Created By: University of Canterbury
If you wander into the lobby of the Lane Neave building on Cambridge Terrace, you will be able to spot the seemingly boring white steel frames. But not all steel frames are created equal, and this is a special type called a "rocking steel frame". This frame is designed so that when a big earthquake hits, the building can in a way sway backwards and forwards. The frame is made so that it can move a lot without being significantly damaged. In addition to this, you may be able to spot some U-shaped steel bits in the gaps between the steel frame and the wall. These also have a very specific purpose. When the building sways back and forth during a major earthquake, you have to make sure that it doesn't collide with other buildings, or that different parts of the same building collide with each other. These U-shaped steel parts can be squished together and thus prevent the building from damaging itself or surrounding buildings.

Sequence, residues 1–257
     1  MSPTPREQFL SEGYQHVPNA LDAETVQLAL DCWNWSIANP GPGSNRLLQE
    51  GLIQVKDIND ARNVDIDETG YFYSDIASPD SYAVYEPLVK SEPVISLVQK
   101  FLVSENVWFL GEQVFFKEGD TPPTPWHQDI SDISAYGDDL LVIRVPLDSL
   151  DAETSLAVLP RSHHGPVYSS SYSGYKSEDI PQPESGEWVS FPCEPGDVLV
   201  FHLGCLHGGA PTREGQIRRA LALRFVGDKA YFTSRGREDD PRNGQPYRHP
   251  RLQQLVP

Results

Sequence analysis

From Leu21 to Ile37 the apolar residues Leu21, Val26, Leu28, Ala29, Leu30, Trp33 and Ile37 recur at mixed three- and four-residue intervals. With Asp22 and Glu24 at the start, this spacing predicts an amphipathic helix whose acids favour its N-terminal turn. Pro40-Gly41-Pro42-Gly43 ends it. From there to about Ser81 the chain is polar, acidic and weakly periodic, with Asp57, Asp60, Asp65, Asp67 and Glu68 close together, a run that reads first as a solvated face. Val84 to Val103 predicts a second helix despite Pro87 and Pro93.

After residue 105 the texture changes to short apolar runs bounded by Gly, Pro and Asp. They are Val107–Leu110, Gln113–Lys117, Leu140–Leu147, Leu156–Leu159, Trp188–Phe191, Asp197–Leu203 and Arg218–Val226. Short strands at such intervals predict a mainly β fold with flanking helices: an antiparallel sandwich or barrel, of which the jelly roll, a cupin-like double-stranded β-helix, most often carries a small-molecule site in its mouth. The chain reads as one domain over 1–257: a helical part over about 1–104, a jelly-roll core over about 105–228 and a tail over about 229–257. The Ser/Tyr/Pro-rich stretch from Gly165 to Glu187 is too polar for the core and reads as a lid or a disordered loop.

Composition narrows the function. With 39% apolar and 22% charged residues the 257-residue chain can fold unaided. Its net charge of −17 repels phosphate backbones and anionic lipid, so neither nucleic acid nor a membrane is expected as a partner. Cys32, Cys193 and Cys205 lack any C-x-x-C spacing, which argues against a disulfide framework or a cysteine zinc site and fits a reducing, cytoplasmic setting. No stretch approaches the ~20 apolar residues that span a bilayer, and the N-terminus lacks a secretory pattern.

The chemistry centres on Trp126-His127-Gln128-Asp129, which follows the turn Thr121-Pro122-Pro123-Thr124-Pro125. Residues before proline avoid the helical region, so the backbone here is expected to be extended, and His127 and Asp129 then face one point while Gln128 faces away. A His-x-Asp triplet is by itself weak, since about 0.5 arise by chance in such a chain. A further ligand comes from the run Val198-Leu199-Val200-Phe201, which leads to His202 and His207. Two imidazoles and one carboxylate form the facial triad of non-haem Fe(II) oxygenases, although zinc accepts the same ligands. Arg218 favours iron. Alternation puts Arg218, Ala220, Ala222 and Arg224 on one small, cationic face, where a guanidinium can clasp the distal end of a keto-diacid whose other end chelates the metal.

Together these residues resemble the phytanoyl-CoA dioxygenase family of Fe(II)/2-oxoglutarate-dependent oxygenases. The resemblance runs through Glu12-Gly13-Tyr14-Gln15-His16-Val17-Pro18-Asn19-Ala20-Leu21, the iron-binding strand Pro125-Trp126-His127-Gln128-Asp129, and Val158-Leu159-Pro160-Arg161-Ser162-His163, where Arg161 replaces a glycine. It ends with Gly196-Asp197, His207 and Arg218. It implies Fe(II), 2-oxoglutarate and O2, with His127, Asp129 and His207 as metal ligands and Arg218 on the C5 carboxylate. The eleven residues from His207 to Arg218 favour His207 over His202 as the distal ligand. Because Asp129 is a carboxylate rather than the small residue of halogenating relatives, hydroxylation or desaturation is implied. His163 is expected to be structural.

This point of interest is part of the tour: EQ Resilience CHCH